Tavi Costa, a portfolio manager and partner at Crescat Capital believes gold prices could easily triple, given the current economic environment. In an interview with Ernest Hoffman from Kitco News during PDAC 2023 in Toronto, he explained how he predicts gold mining corporations should expect to see enormous gains in the near future, as high as 85%. His predictions came a few days before March 10, when SVB Financial collapsed and the U.S. Labor Department released the job data report for February displaying an uptick in unemployment—a day that inspired many investors to move their funds into gold, increasing its price by $169 per ounce in just one week.
“I like to be conservative, even though I’m very optimistic, but it’s clear to me that if you look at other times, we’ve had very strong performances in an environment like this,” Costa explains.
“At least a triple in gold prices would be likely what’s going to happen.”
Just days after these words slipped from his mouth, gold prices started spiking faster than they have in months. Gold hasn’t breached the $2,000-per-ounce line since early 2022 when Russia invaded Ukraine, but it did on March 17.
Costa believes the only way gold mining companies can continue moving up is by investing their money down, in the ground; the way successful energy companies do. “Energy companies are printing money,” he explains. “And what is interesting is that if you backtest, the ones that are performing better are the ones that are actually doing more CapEx, the ones that are actually increasing production, not the ones that are giving back money to shareholders through dividends and buybacks.”
Companies passionate about increasing production or finding new ways to streamline old processes will find success in 2023. “What is paying off is to be aggressive, invest in the future, and to put money to work into what their businesses are supposed to be doing,” he adds.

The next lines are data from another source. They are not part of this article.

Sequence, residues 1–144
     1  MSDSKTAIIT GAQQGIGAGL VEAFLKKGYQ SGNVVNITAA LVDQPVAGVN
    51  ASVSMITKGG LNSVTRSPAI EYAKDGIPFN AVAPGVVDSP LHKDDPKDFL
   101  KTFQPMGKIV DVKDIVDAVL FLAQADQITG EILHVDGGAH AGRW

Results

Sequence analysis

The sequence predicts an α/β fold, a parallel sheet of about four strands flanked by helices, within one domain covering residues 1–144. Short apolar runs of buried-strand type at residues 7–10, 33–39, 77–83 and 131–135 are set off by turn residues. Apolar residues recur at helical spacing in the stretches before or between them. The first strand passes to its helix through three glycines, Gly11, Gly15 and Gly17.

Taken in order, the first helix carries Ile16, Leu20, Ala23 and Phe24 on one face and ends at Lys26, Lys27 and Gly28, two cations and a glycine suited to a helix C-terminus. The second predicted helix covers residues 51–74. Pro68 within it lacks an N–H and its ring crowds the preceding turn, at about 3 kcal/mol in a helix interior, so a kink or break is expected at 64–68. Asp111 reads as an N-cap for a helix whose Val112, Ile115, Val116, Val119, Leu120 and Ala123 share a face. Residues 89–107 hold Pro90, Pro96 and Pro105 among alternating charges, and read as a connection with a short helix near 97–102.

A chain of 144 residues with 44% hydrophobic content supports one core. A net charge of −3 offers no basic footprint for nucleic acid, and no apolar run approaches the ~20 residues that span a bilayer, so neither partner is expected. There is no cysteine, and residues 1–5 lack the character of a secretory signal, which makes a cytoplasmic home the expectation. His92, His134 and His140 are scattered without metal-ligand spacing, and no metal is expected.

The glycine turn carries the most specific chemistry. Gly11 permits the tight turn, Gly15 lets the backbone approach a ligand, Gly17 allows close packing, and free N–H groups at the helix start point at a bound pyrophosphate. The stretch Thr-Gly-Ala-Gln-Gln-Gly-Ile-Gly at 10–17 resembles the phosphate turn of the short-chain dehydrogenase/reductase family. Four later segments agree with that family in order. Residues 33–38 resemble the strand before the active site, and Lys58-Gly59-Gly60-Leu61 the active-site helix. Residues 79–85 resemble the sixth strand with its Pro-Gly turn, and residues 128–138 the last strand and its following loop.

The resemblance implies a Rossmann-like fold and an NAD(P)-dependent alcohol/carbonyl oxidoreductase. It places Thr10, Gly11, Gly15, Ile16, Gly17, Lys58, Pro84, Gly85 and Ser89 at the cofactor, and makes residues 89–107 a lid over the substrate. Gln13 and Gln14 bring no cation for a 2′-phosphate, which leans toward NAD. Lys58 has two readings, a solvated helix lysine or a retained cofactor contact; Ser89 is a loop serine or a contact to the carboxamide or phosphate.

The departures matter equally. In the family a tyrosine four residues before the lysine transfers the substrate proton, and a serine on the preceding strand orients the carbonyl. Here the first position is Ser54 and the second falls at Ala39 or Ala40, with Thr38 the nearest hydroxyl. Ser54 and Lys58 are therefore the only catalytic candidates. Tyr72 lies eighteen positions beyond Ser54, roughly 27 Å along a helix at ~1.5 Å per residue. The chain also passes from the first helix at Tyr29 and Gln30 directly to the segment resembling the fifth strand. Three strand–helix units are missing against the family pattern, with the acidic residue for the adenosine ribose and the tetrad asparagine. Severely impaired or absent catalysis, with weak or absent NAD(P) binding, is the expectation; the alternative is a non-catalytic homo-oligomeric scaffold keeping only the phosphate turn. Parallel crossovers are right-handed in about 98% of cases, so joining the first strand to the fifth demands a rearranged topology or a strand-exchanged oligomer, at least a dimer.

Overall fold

Another one of his predictions centered around the concept of the economy adapting to its failure, rather than recovering from it. He believes people will begin developing more aggressive survival strategies to hedge against the rising inflation rates since we cannot rely on the Federal Reserve to combat it. This movement toward adaptability will increase investments in the mining sector, as precious metals provide security when other asset classes fail.
“This shift towards focus in profitability is a real shift,” Costa explains. “What we tend to see during inflationary decades is that investors tend to focus more on tangible assets. I think that’s a major opportunity to be allocating capital towards the miners.”
While a market shift this monumental may increase gold prices, it will also cause cascading effects across many other sectors. Costa believes one primary negative effect of this new mindset would be on equity markets.
“The way we were approaching markets with this mentality where investors have been conditioned, like we’re in a world where we’re going to see high growth and low cost of capital, I think that needs to change,” he explains. “CAPE ratio today, the cyclically-adjusted P-E ratio for the S&P 500, is somewhere close to 29x. If you looked at any other inflationary decade, it wasn’t anywhere close to that. In fact, at the end of those decades, we’re at single digits. So you need to start thinking about what’s the impact of that.”
Costa believes onshoring and globalization in the industrial sector will also push gold prices. “Think about what happened in China in the early 2000s. What drove the commodities market was one major thing, China was entering the WTO to become the manufacturing plant of the global economy. Think about the G7 economies doing the same right now. It would be a big difference,” he explains.
According to Costa, another major demand sector boosting gold prices in the near future will be investments, though not just by individuals, but by major central banks. “If you go back to the seventies, gold was about 70% of [central banks’] overall international reserves. Today it’s below 20%. Now this turmoil in credit markets in general is starting to create a need for most of the central banks to improve the quality. And even owning a neutral asset, the only neutral asset that we know of that has a credible history to be that type of asset to improve the quality of those reserves is gold,” Costa explains.
With all of these factors combined, Costa expects impressive performance levels from gold in the near future, which have already begun panning out in the weeks following his predictions.